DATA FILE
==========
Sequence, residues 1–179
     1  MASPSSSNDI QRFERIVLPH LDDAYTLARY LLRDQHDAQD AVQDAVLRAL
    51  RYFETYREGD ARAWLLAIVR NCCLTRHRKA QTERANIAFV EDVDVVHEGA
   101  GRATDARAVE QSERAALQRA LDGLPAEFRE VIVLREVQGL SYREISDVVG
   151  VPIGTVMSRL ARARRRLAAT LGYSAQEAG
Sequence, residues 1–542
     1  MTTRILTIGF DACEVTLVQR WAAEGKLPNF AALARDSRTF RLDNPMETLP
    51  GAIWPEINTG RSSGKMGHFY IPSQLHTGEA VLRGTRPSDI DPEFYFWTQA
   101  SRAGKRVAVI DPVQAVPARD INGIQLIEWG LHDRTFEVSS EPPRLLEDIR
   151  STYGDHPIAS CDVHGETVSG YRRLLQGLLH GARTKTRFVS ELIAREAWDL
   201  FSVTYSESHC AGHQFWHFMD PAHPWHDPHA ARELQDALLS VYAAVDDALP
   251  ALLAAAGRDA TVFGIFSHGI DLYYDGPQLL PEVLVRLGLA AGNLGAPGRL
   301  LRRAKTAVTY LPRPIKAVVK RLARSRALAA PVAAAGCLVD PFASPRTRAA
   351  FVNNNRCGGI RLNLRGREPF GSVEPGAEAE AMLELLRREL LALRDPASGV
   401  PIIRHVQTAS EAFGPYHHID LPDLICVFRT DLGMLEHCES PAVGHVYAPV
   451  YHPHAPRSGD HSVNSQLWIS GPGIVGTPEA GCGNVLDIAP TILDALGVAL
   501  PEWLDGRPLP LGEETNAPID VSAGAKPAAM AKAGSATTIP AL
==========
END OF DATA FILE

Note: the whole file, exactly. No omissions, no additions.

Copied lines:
Sequence, residues 1–179
     1  MASPSSSNDI QRFERIVLPH LDDAYTLARY LLRDQHDAQD AVQDAVLRAL
    51  RYFETYREGD ARAWLLAIVR NCCLTRHRKA QTERANIAFV EDVDVVHEGA
   101  GRATDARAVE QSERAALQRA LDGLPAEFRE VIVLREVQGL SYREISDVVG
   151  VPIGTVMSRL ARARRRLAAT LGYSAQEAG
Sequence, residues 1–542
     1  MTTRILTIGF DACEVTLVQR WAAEGKLPNF AALARDSRTF RLDNPMETLP
    51  GAIWPEINTG RSSGKMGHFY IPSQLHTGEA VLRGTRPSDI DPEFYFWTQA
   101  SRAGKRVAVI DPVQAVPARD INGIQLIEWG LHDRTFEVSS EPPRLLEDIR
   151  STYGDHPIAS CDVHGETVSG YRRLLQGLLH GARTKTRFVS ELIAREAWDL
   201  FSVTYSESHC AGHQFWHFMD PAHPWHDPHA ARELQDALLS VYAAVDDALP
   251  ALLAAAGRDA TVFGIFSHGI DLYYDGPQLL PEVLVRLGLA AGNLGAPGRL
   301  LRRAKTAVTY LPRPIKAVVK RLARSRALAA PVAAAGCLVD PFASPRTRAA
   351  FVNNNRCGGI RLNLRGREPF GSVEPGAEAE AMLELLRREL LALRDPASGV
   401  PIIRHVQTAS EAFGPYHHID LPDLICVFRT DLGMLEHCES PAVGHVYAPV
   451  YHPHAPRSGD HSVNSQLWIS GPGIVGTPEA GCGNVLDIAP TILDALGVAL
   501  PEWLDGRPLP LGEETNAPID VSAGAKPAAM AKAGSATTIP AL